The IRPP would like to thank the presenters and panellists, as well as all the other participants, for the knowledge and insights they contributed to the round table. Although the IRPP covered most of the costs related to the round table and the report, we wish to acknowledge the financial support of the Privy Council Office and the Centre for the Study of Democratic Citizenship at McGill University. The report was prepared by F. Leslie Seidle (IRPP research director, Canada’s Changing Federal Community) and Mohy-Dean Tabbara (IRPP researcher assistant), in collaboration with Graham Fox (IRPP President). Although the report benefits from all participants’ contributions, it does not reflect every point that was expressed. Responsibility for the report therefore remains with the IRPP.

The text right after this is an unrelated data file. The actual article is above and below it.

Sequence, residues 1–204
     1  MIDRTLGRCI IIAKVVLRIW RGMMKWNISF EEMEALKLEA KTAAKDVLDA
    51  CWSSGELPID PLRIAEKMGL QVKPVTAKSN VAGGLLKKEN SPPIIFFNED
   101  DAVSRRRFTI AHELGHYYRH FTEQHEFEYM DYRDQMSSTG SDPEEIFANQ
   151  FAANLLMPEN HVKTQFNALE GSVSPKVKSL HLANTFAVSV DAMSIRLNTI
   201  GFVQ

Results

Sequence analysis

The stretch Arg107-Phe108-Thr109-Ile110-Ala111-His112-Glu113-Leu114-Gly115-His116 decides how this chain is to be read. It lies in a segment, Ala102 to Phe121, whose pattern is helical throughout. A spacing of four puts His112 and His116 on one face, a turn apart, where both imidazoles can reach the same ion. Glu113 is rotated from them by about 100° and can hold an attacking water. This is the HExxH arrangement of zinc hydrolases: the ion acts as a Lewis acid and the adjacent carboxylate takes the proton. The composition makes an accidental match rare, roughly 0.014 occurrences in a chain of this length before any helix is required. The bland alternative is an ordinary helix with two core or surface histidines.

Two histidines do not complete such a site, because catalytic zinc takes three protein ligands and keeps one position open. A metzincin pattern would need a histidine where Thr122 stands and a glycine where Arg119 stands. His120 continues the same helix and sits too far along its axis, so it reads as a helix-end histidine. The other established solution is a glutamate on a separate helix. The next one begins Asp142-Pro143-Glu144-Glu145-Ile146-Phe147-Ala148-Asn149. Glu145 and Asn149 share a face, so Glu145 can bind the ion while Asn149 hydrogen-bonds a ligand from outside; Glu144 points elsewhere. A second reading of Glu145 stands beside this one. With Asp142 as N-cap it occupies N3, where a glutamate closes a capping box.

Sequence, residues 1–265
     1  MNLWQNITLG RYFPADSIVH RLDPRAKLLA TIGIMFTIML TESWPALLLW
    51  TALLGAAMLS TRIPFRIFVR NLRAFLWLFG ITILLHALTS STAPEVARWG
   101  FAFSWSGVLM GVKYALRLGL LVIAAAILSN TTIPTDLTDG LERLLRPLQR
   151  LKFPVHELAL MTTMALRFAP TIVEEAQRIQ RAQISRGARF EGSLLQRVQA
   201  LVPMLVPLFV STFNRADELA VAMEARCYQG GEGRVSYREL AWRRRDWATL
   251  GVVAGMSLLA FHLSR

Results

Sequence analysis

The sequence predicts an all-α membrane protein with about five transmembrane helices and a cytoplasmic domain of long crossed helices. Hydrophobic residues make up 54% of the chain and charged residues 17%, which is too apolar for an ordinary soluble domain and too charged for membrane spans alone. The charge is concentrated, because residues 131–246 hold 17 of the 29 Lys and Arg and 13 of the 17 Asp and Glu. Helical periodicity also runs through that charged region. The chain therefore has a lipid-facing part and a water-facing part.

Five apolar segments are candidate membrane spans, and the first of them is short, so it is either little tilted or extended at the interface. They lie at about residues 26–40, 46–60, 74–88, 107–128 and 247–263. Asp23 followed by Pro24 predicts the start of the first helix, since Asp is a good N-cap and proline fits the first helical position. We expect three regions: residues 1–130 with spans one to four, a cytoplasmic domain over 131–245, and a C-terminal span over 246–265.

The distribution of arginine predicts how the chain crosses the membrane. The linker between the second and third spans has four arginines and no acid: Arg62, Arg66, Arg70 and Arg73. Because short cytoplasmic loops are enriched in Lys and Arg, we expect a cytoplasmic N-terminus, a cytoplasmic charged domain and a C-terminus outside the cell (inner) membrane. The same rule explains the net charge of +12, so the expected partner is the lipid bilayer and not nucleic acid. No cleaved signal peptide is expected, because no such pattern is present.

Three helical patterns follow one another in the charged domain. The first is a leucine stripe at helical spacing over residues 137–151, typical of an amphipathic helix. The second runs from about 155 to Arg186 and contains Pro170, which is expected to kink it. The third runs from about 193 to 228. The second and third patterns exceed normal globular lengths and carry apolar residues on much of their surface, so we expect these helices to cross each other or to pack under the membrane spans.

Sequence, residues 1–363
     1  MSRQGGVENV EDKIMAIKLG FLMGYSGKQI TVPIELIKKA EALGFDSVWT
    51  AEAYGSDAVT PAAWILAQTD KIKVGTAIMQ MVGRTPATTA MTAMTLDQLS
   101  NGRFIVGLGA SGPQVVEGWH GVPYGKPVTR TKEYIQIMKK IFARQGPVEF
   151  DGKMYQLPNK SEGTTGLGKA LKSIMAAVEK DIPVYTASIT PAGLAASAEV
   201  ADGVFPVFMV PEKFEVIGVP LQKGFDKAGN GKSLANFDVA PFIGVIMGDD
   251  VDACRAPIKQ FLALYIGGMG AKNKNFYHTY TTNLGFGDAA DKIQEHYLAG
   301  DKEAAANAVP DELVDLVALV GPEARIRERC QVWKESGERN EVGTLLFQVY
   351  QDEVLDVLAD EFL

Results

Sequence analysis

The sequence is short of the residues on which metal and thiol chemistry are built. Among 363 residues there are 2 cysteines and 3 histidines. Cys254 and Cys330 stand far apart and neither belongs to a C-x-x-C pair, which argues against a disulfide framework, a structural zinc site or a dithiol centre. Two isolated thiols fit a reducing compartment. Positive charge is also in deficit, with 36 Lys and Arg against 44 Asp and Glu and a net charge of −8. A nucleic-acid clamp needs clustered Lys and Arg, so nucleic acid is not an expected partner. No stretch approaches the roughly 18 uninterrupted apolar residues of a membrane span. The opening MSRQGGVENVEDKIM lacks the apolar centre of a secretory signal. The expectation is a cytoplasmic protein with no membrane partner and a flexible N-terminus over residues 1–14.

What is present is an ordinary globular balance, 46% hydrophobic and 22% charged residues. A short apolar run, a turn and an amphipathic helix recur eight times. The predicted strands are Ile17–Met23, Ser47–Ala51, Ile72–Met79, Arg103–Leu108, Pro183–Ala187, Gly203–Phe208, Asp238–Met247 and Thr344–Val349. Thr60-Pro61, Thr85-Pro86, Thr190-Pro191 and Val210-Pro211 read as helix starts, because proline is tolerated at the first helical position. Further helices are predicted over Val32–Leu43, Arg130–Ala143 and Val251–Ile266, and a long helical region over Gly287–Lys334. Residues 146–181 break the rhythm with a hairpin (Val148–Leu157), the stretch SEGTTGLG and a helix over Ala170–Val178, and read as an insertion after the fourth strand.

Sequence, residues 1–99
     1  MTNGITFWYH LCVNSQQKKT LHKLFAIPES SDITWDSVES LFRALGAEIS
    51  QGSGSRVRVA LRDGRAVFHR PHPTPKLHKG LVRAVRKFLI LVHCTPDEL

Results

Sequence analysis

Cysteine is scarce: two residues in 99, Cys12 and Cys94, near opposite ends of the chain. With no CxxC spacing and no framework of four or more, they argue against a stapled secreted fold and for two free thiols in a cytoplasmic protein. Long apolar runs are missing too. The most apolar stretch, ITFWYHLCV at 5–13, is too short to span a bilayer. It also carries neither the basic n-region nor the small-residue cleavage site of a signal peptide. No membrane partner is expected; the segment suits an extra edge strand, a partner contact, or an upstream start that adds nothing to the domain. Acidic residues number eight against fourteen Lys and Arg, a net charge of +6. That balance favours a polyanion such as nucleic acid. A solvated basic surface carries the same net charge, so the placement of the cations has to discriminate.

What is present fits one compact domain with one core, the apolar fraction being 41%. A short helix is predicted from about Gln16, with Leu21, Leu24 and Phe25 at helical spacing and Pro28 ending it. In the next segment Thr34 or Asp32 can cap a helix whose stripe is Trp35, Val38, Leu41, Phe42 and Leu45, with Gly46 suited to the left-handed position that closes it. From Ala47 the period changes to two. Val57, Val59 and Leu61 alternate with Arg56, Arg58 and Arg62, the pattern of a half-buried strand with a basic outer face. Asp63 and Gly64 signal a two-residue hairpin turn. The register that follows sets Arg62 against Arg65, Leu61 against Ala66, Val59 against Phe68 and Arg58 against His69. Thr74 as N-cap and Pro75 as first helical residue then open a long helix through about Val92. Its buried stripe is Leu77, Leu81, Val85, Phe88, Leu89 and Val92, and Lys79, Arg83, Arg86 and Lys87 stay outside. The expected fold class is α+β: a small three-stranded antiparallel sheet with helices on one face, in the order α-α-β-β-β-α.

To cite this document:

Institute for Research on Public Policy (IRPP). 2019. Renewal of the Canadian Senate: Where to from Here? IRPP Report (February). Montreal: Institute for Research on Public Policy. DOI: https://doi.org/10.26070/t3yk-jg70

This report is also available in French under the title Le renouvellement du Sénat du Canada : poursuivre dans quelle voie ?

If you have questions about our publications, please contact irpp@nullirpp.org. If you would like to subscribe to our newsletter, IRPP News, please go to our website, at irpp.org.

Senate renewal represents progress, but further changes are necessary

Montreal – Three years after implementation of a new process for selecting senators, a just-released report by the Institute for Research on Public Policy assesses the changes and explores potential next steps.